- Open Source and Open Access Initiatives to Use Genomic Data More Sustainably and Effectively -
Copenhagen, Denmark and Shenzhen, China – BGI, the world’s largest genomics organisation, Technological Top Institute of Green Genetics (TTI GG), Netherlands eScience Centre (NLeSC), and Netherlands Institute of Bioinformatics (NBIC) signed a Memorandum of Understanding (MOU) to address the challenge of managing, transporting, integrating and analysing today’s tremendous flow of genomic data. The collaborating organisations advocate the adoption and application of Open Source and Open Access initiatives to genomic data to more easily and rapidly explore the mysteries of life science.
Genomic data generation is accelerating at an exponential rate, driven by the rapid development of high-throughput sequencing technologies, posing new demands and challenges for data handling, storage and transmission. Under the MOU, researchers from BGI, TTI GG, NLeSC and NBIC have agreed to encourage collaborative initiatives and community building in the areas of data management, infrastructure and analysis within their respective programmes. Such collaboration will encourage the development and sharing of services, infrastructure and facilities with the goal of enabling more sustainable and effective access and understanding of genomic data.
BGI has conducted considerable research to tackle the flood of genomic data. In late 2011, it developed a BGI-BOX cloud computing terminal server for users lacking a bioinformatics background to access genomic data and bioinformatics analyses in their own laboratories. In addition, BGI and open-access publisher BioMed Central launched GigaScience, a new combined database and journal focused on the publication and hosting of large-scale data. The journal makes it possible for the release of large data sets more rapidly to the wider research community.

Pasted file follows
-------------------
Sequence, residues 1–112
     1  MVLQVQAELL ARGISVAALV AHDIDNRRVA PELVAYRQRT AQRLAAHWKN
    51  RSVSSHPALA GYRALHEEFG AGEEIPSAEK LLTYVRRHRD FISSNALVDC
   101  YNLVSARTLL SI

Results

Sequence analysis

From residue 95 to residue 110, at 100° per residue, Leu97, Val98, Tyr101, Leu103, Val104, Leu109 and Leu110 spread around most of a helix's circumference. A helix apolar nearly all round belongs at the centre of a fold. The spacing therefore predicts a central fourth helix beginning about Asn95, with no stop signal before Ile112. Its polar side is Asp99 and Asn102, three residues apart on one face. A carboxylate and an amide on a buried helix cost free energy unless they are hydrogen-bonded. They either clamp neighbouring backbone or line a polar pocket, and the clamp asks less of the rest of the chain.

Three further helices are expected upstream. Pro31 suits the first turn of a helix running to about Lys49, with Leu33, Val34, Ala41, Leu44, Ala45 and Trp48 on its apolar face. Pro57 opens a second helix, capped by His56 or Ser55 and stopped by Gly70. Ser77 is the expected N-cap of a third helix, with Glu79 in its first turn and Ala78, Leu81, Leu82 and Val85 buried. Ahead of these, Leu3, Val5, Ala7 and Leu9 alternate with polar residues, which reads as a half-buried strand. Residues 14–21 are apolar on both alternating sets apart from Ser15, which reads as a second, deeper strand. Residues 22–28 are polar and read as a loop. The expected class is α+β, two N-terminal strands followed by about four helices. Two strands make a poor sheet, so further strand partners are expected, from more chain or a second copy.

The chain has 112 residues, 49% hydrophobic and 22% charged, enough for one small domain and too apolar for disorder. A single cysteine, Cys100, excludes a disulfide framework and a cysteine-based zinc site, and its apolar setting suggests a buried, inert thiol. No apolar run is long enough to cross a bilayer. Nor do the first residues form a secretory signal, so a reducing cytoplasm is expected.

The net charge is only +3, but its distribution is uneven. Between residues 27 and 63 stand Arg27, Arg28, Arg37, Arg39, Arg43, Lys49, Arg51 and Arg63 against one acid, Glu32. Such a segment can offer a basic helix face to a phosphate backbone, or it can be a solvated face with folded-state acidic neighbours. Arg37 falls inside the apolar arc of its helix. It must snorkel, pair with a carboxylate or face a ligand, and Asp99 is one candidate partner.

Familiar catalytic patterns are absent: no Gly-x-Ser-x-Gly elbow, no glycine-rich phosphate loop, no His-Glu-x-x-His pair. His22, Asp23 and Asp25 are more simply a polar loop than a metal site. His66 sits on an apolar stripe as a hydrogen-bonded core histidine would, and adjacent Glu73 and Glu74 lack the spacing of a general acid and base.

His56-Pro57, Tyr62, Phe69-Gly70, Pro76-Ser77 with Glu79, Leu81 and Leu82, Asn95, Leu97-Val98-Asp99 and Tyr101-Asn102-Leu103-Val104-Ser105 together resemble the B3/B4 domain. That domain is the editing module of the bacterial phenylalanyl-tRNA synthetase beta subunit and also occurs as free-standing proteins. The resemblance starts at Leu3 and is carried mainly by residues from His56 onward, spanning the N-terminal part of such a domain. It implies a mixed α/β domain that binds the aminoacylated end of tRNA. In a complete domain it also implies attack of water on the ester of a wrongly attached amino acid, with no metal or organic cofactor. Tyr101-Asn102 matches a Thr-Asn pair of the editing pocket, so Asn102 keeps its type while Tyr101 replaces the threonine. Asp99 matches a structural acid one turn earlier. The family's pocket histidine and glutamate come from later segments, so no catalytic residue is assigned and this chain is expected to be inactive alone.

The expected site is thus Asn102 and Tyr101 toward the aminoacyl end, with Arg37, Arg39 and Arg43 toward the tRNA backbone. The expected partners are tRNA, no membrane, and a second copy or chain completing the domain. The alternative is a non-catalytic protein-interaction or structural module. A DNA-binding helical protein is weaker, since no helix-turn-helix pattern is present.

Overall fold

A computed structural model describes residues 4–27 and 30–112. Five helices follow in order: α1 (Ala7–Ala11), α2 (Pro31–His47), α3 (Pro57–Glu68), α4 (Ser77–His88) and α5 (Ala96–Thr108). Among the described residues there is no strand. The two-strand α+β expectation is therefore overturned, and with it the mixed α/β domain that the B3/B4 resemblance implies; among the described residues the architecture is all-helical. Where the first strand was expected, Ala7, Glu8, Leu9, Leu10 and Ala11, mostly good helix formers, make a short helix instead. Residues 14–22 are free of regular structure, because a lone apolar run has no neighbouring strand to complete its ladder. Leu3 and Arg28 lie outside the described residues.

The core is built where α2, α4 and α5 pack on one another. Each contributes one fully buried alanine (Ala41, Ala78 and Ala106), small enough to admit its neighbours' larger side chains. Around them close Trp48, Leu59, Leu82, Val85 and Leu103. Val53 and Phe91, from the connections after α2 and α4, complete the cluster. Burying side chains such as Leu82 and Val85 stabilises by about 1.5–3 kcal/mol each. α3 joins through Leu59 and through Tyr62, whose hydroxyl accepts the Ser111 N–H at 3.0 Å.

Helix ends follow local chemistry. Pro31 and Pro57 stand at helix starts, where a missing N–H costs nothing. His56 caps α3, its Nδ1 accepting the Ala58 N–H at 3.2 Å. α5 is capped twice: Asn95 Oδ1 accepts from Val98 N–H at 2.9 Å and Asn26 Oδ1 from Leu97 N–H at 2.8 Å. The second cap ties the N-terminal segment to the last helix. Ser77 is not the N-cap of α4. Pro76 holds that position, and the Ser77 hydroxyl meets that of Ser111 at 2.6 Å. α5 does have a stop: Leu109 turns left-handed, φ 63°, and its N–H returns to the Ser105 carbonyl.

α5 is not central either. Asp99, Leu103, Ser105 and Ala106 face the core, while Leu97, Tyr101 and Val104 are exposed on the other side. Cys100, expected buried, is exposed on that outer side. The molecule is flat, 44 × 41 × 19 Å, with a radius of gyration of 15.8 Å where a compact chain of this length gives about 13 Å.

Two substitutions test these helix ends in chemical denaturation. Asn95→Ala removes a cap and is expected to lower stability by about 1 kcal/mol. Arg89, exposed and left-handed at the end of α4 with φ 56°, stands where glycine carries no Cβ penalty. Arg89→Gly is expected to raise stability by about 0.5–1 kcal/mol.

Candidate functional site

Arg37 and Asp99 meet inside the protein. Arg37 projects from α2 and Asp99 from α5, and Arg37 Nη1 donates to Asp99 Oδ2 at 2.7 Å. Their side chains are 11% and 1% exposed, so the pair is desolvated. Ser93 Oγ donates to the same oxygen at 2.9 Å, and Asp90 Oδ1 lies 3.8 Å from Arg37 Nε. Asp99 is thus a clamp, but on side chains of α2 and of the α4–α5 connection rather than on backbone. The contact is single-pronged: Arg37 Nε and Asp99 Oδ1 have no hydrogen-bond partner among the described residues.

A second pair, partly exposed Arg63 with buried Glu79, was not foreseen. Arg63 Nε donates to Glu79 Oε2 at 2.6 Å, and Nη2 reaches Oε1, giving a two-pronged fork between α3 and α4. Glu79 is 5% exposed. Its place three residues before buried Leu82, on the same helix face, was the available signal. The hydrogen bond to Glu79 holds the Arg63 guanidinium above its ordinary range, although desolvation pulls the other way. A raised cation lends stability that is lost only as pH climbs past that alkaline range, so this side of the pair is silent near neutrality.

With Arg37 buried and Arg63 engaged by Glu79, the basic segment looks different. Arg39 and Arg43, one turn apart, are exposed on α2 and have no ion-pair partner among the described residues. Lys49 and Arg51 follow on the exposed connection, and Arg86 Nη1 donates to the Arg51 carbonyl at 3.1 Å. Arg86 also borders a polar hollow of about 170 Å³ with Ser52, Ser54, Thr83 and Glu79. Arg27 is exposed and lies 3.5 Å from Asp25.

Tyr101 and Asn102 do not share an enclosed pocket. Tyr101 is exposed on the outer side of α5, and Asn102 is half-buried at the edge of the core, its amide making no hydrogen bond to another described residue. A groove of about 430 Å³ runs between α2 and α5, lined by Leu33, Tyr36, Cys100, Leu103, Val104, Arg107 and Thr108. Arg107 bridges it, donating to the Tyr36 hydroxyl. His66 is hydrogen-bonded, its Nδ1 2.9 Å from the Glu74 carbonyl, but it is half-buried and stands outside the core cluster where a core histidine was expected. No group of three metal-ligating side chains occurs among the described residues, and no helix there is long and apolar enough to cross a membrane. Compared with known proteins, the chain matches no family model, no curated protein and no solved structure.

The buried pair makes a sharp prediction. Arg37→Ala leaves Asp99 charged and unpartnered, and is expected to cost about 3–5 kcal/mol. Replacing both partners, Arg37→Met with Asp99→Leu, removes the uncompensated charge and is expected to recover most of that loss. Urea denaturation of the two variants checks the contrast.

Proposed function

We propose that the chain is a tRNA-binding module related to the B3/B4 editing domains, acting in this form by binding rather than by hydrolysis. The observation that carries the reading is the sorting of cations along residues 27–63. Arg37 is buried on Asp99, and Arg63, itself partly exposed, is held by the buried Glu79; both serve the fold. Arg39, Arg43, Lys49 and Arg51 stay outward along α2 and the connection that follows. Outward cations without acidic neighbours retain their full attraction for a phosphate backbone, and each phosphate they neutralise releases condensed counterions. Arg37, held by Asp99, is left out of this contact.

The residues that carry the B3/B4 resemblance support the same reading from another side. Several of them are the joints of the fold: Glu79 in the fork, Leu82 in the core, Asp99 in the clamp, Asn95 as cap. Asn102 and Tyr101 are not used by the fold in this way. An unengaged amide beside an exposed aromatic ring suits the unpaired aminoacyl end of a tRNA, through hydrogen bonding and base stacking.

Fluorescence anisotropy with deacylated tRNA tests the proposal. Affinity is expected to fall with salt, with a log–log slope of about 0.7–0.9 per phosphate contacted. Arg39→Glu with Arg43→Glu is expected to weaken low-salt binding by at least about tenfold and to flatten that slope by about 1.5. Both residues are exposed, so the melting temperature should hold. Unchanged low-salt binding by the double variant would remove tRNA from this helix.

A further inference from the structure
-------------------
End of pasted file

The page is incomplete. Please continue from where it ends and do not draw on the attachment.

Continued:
“Genomics revolutionized the life sciences,” said Professor Jian Wang, president of BGI, “but the growing flood of genomic data poses an enormous challenge to optimizing and sustaining the benefit of high-throughput sequencing technologies. BGI has made significant efforts to tackle this challenge to advancing life science research, and this cooperative agreement should provide an example for researchers worldwide on the importance and value of shared, sustainable data management and data manipulation in biological and medical studies.”
The signing of MOU provides an opportunity for scientists from China and Netherlands to achieve powerful cooperation for better taming tremendous data. Dr. Bernard de Geus, director of TTI GG, said in brief, ”Big data: Big expectation, big challenge, big opportunity.” TTI GG has been established jointly by Dutch companies in the area of plant breeding and propagation, universities and knowledge institutions with the mission being to promote research and education and to create continuity in Dutch knowledge and education base.
NLeSC is a joint initiative by the Netherlands Organization for Scientific Research NWO and SURF, which supports and reinforces multidisciplinary and data-intensive research through eScience, the creative and innovative use of ICT and e-infrastructures in all its manifestations with the aim to change scientific practice by enabling large-scale “Big Data” analysis across multiple disciplines. Professor dr. Jacob de Vlieg, director of NLeSC, said, “This is a very exciting initiative to link minds and eScience concepts between scientists from BGI and the Netherlands, and to promote ‘Big Data’ driven scientific discoveries in the fields of genomics and bioinformatics.”
NBIC, the national networked organization of bioinformatics, pursues innovation in life sciences R&D through seamless integration of life science data, information and models in the quantitative analysis of biological systems. Dr. Barend Mons, Scientific director of NBIC, stated, “As soon as one measures anything in the ‘Omics’ era, one needs computers even to manage the data. For understanding them and turning them into knowledge, computational methods are indispensable and traditional methods of information sharing are hopelessly out of date. We should work together to face this challenge. ”